How Alexis Tsipras and Syriza Outmaneuvered Angela Merkel and the Eurocrats


Slavoj Zizek in In These Times:

Varoufakis repeatedly made this point clear: what was needed to give the Greek economy a chance to rebound was not more borrowing but an overall re-haul. The first step in this direction would be an increase in the democratic transparency in regards to the exercise of power. Our democratically elected state apparatuses are increasingly impaired by both a network of “agreements” (TISA, etc.) and by non-elected “expert” bodies that wield the real economic (and military) power. Here is Varoufakis’s reporton an extraordinary moment in his dealings with Jeroen Dijsselbloem:

There was a moment when the President of the Eurogroup decided to move against us and effectively shut us out, and made it known that Greece was essentially on its way out of the Eurozone. … There is a convention that communiqués must be unanimous, and the President can’t just convene a meeting of the Eurozone and exclude a member state. And he said, “Oh I’m sure I can do that.” So I asked for a legal opinion. It created a bit of a kerfuffle. For about 5 to 10 minutes the meeting stopped, clerks, officials were talking to one another, on their phone, and eventually some official, some legal expert addressed me, and said the following words: “Well, the Eurogroup does not exist in law, there is no treaty which has convened this group.” So what we have is a non-existent group that has the greatest power to determine the lives of Europeans. It’s not answerable to anyone, given it doesn’t exist in law; no minutes are kept; and it’s confidential. So no citizen ever knows what is said within. … These are decisions of almost life and death, and no member has to answer to anybody.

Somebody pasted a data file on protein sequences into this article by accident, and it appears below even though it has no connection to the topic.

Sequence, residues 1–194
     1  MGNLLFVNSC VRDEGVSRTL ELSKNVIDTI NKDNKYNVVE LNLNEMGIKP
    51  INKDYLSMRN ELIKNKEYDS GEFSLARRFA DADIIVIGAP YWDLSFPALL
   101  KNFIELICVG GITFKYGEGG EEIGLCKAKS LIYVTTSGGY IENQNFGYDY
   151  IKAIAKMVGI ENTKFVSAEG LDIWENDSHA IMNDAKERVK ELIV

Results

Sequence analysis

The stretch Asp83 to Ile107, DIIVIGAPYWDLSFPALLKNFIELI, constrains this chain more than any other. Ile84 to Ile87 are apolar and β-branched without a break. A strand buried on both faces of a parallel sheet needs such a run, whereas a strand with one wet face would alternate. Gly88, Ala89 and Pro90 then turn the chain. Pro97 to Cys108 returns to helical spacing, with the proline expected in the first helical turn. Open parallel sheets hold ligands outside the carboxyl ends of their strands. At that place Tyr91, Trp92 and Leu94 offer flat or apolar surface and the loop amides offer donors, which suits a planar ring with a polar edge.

Sounds familiar? Yes, to anyone who knows how Chinese power functions today. After Mao’s death, Deng Tsiao-Ping established a dual political system: the state apparatus and legal system are redoubled by the Party institutions which are literally extralegal—or, as He Weifang, a law professor from Beijing, put it:

As an organization, the Party sits outside, and above, the law. It should have a legal identity, in other words, a person to sue, but it is not even registered as an organization. The Party exists outside the legal system altogether.

It is as if, as Walter Benjamin put it , violence which sustains state power remains present, embodied in an organization with an unclear legal status.

More here.